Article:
7. Check to see if it works better, if not, your probably didn’t use enough isopropyl alcohol, try again
  8. Repeat this process as needed
  9. If it was really gunked up before, sometimes I find that this loosens so much crud (that then falls on the optical sensor below) I have to take the dozen or so tiny screws out of the bottom, take the top panel off, and clean the stuff away from trackball area to get it working like new again.

You are welcome.

For the record, I use 70% isopropanol. It kills bacteria better than higher concentrations because the water content tricks them into opening their hearts to the alcohol and the alcohol breaks their hearts… that is about the extent of my biology knowledge.

12 Responses

  1. Paul says:

    You write beautifully. Thanks for your help with the IO gear trackball. Seems to have worked

    I want to return the favour. Email me and I’ll send you a download of my music…

  2. Steve B says:

    The issue with this keyboard is not that the trackball gets dirty… well.. that is an issue too… but the big issue with it is that the ball bearings inside that the track ball rests on are extremely cheap. They are made out of metal and anyone who has taken apart this keyboard for cleaning will tell you that they develop flat spots. Yes, the plastic track ball wears down the metal ball bearings.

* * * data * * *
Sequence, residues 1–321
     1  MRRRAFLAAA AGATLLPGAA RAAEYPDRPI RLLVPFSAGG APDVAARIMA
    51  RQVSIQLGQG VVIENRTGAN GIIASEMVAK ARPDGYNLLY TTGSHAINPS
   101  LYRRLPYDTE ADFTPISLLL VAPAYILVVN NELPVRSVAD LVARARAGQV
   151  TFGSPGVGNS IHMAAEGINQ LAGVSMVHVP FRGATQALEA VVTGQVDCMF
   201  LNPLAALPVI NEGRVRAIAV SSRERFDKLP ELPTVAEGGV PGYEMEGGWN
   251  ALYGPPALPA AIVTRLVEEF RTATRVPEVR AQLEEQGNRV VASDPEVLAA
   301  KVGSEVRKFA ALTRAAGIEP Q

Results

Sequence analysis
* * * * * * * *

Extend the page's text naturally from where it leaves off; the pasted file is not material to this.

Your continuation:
They can be replaced with ceramic ball bearings but I do not recall the specific size needed to replace them. I rotated the ball bearings in mine today (not intentional but whatever) and now the whole thing works considerably better.

    • Bourbon says:

      They definitely develop flat spots, but the problem I was having was the cursor not responding to movement, not so much that the ball was stuck. Good advice though. I’ll have to try rotating the bearings and applying some oil to them.

  3. Njitram says:

    Ok, thanks a lot Bourbon! Alcohol did most of the trick. I had to go for the hard solutions and clean the bearings as well. Result is a perfectly working trackball….boy am i glad not to hulk-smash my keyboard 🙂

  4. Gary says:

    Thanks to Steve B! Only needed to take mine apart at the trackball corner to see my issue was worn down ball bearings. So worn down that my track ball had been sitting too low and was a nightmare to use. Flipped them around and now it’s good as new…well…at least for another 3-4 months then I guess I’ll have to completely replace them.

  5. Yi says:

    Things to do:
    1. Just unscrew it all, there’s like a dozen screws but there’s no plastic clasp or anything and the cover comes off very easily